Nearly 40 virtual models of 31 historical Mexican buildings such as archaeological and Colonial monuments compete at the final phase of the contest Pon a Mexico en el mapa (Put Mexico on the Map), which looks forward to divulgate Mexican heritage internationally. Winners will be announced in January 31st 2010.

Convoked by the National Institute of Anthropology and History (INAH) and Google Mexico, the most important search engine in the world, the competition evaluates 39 semi-finalist virtual projects, 24 of them correspond to Prehispanic constructions and 15 to Colonial buildings.

The most popular buildings in the contest are the emblematic Pyramid of the Niches at El Tajin, Veracruz, and the Temple of the Inscriptions in Palenque, Chiapas.

“Put Mexico on the map” is a long-term integral and global program that year after year will promote cultural heritage through new projects published in the Internet.
The 3 dimensional models of emblematic buildings of our history safeguarded by INAH are located in 17 Mexican states and were designed by students of public and private colleges in Mexico.

Veracruz was the entity that contributed with more projects, from which 4 represent El Tajin; other buildings are San Juan de Ulua and San Carlos Forts, Veracruz Cathedral, The Castle at Teayo and The Main Temple of Cempoala.

Two reproductions of Cuauhcalli temple at Malinalco; 2 more of Quetzalpapalotl Palace, in Teotihuacan, and the model of San Miguel Zinacantepec complex are the projects inscribed for Estado de Mexico.

Monuments at Federal District inscribed are 2 models of the ancient Basilica de Guadalupe, one of Hospital de Betlemitas and another of Tlatelolco Main Temple.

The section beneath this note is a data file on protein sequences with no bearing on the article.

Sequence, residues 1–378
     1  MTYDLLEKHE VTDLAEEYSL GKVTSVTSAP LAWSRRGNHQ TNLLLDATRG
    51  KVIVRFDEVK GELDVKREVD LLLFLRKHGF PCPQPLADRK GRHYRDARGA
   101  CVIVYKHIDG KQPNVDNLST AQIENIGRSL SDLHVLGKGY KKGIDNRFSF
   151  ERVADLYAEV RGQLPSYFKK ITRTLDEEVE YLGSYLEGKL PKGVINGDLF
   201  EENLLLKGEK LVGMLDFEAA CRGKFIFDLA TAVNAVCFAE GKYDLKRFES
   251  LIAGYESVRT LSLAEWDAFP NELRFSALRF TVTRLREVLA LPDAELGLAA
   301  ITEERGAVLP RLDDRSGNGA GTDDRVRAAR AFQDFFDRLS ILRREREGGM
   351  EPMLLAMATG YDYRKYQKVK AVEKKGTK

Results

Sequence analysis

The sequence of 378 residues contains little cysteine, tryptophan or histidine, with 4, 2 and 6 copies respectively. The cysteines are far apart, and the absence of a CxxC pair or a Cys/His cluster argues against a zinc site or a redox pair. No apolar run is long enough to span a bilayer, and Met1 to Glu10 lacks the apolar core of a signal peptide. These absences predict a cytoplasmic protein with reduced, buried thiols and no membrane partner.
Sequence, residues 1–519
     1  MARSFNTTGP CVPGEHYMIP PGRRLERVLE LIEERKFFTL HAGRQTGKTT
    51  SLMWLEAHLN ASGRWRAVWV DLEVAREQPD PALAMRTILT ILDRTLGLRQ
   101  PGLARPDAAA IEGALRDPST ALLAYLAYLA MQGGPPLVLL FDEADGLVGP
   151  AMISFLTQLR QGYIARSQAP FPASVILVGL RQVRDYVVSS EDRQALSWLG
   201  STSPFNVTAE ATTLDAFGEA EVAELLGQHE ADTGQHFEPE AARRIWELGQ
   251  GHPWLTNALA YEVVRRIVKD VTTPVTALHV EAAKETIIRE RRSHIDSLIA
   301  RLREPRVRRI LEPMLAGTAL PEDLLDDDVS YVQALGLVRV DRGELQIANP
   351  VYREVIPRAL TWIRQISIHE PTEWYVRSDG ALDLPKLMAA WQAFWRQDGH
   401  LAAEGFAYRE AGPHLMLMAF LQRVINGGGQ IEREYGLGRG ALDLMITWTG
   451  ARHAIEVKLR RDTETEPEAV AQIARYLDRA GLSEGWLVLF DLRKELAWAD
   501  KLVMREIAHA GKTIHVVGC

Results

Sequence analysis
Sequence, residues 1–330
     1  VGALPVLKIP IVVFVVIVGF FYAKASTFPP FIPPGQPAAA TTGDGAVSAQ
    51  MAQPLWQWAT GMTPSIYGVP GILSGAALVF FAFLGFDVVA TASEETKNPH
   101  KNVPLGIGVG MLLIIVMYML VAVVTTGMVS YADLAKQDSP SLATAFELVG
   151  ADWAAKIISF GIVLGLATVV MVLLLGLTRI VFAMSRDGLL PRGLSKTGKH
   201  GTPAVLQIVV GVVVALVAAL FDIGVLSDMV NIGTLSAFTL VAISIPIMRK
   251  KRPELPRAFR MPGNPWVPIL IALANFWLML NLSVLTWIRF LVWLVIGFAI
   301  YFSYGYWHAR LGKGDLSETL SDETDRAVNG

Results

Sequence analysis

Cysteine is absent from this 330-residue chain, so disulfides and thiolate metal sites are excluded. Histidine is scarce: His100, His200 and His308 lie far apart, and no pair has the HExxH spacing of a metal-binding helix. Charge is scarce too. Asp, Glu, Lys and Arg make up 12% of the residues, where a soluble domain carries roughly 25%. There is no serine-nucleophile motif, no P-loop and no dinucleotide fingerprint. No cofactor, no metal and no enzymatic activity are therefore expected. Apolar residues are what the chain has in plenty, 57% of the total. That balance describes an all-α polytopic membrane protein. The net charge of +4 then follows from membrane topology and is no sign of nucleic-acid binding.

Chiapas was the third federal entity in number of projects received: 3 of them are reproductions of Temple of the Inscriptions at Palenque, and one represents the Chiapa de Corzo Fountain.

Fifteen models represent Colonial buildings, among them, Santo Domingo de Guzman Complex in Oaxaca, Oaxaca; Maria Magdalena Ex Convent, in Cuitzeo, Michoacan; Puebla Cathedral, in Puebla; San Marcos Temple, in Aguascalientes City, and Actopan Ex Convent, in Hidalgo.

Prehispanic structures are represented in 24 models, including the afore mentioned: Tzintzuntzan Yacatas, in Michoacan; Tlahuizcalpantecuhtli, in Hidalgo, La Quemada, Zacatecas, Ixtepete structure in Jalisco, and Tamtok, in San Luis Potosi.

Other Prehispanic sites with structures modeled are: Chichen Itza, Yucatan; Monte Alban, Oaxaca; Paquime, Chihuahua and Xochicalco, Morelos.

Ninety participants, 16 of them inscribed individually and 23 in teams compete so their model is included as geo reference in 2010 at the Google Earth tool. Prizes for the 5 winning models include lap tops for the first place, flip cameras, INAH archaeological reproductions and cultural tours in their area.

Projects delivered before December 15th 2009 will compete based in the fulfillment of specifications such as scale, location, details, texture and complexity.

Since the contest was announced in October 1st 2009, nearly 14,000 visits to the Web page have been counted at, where winners will be made known by the end of January 2010.